Take charge of your ‘mental nutrition’ to dial down the rage
Have you noticed? Or, more likely, how could you not? America is a pretty angry place these days. The news is full of rage—angry confrontations at formerly boring civic meetings over things that were once debated respectfully, at restaurants and emergency rooms where Covid protocols are resisted, the shouting amplified like an echo chamber by social media as angry factions thump their collective chests and vilify their supposed foes, even neighbors or family.
You may be flying again after a hiatus of many months and noticed what’s different about airports now. It’s not only the masking and (hopefully) distancing, but also those warning signs posted prominently: it’s a federal crime to mouth off (or worse) to a TSA employee or threaten an airline crewmember.
Even driving seems more of a combat sport these days. While road rage is not new, it used to be less frequent. Now, it seems, more and more of us think we’re in a virtual reality video game instead of on an interstate.
And as a meeting professional, you certainly don’t look forward to having to police Covid safety at future events and meetings. One person acting out can take the meeting’s course in a whole new direction. The very thought of it is enough to make you…angry.
“It’s way past time for us to take a collective breath and treat others with dignity, respect and civility,” says Elaine Parke, author of The Habits of Unity: 12 Months to a Stronger America…One Citizen at a Time. She is certified in conflict management, violence prevention and meditation, and her habit-forming model, which we’ll get to in a moment, was recognized by London Institute for Social Inventions. “It’s urgent that we make this shift now,” she declares.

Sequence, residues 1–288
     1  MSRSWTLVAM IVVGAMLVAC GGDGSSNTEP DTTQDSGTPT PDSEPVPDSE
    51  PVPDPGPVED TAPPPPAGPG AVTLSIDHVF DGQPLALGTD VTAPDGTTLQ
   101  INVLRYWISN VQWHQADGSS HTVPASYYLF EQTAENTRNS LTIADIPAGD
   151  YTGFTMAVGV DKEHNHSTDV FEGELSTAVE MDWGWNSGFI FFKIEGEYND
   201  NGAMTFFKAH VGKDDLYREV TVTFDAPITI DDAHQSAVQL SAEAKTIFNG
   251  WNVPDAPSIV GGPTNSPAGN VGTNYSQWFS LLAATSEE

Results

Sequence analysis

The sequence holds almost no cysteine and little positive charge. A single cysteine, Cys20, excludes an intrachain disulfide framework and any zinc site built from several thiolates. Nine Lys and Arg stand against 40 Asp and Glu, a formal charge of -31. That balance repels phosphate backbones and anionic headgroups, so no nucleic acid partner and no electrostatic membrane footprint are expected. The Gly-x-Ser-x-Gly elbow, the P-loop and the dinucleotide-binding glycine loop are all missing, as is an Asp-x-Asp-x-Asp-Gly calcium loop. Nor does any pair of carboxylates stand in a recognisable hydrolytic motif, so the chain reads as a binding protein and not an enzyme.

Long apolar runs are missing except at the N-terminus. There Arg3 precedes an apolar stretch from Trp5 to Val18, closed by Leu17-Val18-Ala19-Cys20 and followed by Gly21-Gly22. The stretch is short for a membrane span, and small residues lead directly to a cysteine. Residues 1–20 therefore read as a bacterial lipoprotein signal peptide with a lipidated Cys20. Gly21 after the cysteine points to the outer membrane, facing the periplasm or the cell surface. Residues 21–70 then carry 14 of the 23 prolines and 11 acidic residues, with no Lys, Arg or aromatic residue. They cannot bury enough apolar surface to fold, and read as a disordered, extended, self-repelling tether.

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Parke isn’t just trying to restore calm and order to a deeply divided nation. And she isn’t just retooling what’s long been known as anger management. No, her attempt is to help us take personal charge of what she calls our “mental nutrition.” Much in the same way we have learned to make conscious and healthy choices in the food we eat, we need to make nutritious mental choices every day.
Like good eating habits, good mental habits can rewire our outlooks and priorities.
Others have seconded this approach. Mental health professional Megan Hays, a clinical psychologist at University of Alabama at Birmingham, points out that behaving aggressively and bottling up anger are linked to hypertension and coronary artery disease, and recommends enjoyable “cool down” strategies—like being creative (drawing or painting, for instance), tackling a productive chore, taking a brisk walk or cycle, even cranking up the music and dancing and singing negative emotion away.
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Parke’s way is to offer “one-magic-minute-a-day” motivationals to hardwire healthy mental choices into habits. She divides the year into monthly themes for mental nutrition.
January: Help others
February: You count
March: Resolve conflicts
April: Take care of our environment
May: Be grateful
June: Reach higher
July: Become involved
August: Know who you are
September: Do your best
October: Be patient and listen
November: Show a positive attitude
December: Celebrate community, family and friends
Following her regimen, Parke promises, will make you more positive, centered and respectful, which will draw others to you and improve your relationships. If these ripples multiply and expand, the emotional climate in our country will surely improve and make it easier to seek common ground. You will feel healthier, and America can again be “a welcoming, affirming melting pot—instead of a stewing pot.”